the Air Vent

Because the world needs another opinion

CRU Howto

Posted by Jeff Id on December 24, 2009

CRU data is available from this page.

I’ve made some progress finally with Perl. It’s always a pain learning a new language and Perl is no different. I’m going to document here how to get the original version of CRU running so anyone can do it.

First, you need an interpreter for perl. This is the code which understands perl commands and runs them. After a bit of searching, I chose Strawberry Perl, it’s free so I downloaded and installed it. Perl runs from the command line interface which is far too crude for my liking. I found a couple of debuggers and settled on Perl Express. This allows a gui with breakpoints to get things running.

If you load the script for creating the gridded CRU data, into Express and run it, it gives an error. You need to point the interpreter to your perl.exe file. The error gives easy instructions on how to do it.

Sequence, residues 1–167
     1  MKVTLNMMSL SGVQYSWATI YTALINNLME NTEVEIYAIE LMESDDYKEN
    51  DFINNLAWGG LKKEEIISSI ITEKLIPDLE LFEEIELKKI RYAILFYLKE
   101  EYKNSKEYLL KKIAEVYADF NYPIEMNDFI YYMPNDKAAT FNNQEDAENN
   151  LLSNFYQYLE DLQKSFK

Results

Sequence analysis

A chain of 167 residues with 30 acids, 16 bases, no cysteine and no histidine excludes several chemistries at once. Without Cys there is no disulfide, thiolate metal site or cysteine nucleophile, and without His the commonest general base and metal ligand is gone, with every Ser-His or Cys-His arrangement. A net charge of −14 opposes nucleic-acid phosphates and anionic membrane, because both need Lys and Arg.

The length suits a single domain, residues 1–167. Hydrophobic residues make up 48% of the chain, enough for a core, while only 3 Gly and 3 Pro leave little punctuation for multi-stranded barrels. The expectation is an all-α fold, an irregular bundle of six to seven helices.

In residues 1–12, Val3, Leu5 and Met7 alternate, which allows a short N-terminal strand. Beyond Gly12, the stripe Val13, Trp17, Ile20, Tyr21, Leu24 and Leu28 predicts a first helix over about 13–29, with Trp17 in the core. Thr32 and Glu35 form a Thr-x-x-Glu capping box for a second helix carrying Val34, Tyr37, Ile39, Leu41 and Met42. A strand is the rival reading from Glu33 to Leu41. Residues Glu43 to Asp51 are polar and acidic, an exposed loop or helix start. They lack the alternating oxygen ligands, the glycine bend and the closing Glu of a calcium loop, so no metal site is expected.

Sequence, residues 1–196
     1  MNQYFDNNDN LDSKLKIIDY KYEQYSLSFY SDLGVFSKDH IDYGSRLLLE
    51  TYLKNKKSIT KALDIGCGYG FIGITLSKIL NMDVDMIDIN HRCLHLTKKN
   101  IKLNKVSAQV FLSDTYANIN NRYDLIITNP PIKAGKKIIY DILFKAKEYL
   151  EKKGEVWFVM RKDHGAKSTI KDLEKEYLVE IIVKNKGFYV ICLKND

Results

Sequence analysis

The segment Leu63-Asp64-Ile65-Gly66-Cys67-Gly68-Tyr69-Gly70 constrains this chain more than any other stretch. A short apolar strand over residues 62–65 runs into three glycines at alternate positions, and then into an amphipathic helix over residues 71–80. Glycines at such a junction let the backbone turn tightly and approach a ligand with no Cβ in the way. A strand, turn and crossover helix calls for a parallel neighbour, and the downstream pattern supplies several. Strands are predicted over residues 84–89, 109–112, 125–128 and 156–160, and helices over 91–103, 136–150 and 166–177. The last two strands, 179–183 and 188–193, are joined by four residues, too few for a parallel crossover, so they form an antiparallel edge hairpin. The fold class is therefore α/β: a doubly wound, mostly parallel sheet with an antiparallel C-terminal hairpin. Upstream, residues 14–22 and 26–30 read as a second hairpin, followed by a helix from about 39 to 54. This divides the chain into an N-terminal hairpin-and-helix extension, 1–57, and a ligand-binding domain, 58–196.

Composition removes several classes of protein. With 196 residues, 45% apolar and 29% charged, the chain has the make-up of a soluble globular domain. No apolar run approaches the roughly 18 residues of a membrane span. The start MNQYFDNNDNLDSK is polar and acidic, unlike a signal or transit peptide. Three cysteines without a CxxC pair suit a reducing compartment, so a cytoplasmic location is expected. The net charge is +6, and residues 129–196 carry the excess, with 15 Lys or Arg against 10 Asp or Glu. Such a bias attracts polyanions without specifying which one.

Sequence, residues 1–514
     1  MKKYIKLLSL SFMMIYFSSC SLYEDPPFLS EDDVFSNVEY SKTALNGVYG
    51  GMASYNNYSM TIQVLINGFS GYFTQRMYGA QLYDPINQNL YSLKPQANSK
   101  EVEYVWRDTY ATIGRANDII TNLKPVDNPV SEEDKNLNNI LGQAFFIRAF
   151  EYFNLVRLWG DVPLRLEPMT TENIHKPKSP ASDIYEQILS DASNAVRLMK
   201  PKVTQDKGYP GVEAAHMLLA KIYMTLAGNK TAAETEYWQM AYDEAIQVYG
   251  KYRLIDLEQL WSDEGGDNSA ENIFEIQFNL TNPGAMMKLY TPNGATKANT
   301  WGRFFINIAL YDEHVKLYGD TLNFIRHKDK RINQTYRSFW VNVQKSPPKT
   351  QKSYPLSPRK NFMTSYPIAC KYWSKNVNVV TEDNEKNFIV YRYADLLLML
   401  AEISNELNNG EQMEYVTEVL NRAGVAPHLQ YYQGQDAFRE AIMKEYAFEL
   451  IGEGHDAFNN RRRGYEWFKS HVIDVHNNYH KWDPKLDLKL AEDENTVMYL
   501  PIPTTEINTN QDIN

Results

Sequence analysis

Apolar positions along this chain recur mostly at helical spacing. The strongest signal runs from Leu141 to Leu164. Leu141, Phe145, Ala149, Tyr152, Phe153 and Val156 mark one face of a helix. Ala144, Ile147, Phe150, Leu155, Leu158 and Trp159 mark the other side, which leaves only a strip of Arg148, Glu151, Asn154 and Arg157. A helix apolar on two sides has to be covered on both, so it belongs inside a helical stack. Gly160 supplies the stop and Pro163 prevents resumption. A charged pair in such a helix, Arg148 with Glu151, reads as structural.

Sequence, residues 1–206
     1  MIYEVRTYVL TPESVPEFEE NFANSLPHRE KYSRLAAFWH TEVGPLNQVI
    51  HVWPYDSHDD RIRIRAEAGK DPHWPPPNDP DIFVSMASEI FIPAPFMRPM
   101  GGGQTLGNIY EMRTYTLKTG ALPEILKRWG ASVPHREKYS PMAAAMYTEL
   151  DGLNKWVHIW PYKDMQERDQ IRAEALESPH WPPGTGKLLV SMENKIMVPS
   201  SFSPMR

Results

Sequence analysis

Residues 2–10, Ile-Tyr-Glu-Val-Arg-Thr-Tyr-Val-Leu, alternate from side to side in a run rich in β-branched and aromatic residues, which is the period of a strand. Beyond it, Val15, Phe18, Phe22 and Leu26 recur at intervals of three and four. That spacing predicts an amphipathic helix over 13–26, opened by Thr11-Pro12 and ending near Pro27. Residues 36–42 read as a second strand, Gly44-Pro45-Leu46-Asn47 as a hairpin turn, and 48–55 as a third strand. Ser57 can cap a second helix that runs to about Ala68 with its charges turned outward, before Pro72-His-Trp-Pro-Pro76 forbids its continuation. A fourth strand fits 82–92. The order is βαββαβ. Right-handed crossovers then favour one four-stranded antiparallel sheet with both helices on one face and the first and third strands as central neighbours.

You need to download the zip file into a folder and unzip.

Perl prints and reads data from a STDIO channel naturally. This took a bit to figure out so I’m not going to describe the endless (and stupid) details I went through to make it work. Download the file station gridder.perl from CRU and run it in Perl express. The output is completely blank for a long time, it’s like nothing at all is happening, then things finally start printing out to the std output window. After the program completes, you go to the std output window and use the save as icon to put it into a text file. I named it gridded data.txt.

The next step to getting a global mean is to open a second script called make_global_average_ts_ascii.perl. This file was a bit of trouble for me. It is supposed to read from stdin so I specified in the standard input window the gridded data.txt file. The program just kept freezing on the read line. No message, no indication of what the problem was. Eventually (after a couple hours of messing around), I modified the file to read from the folder rather than stdin.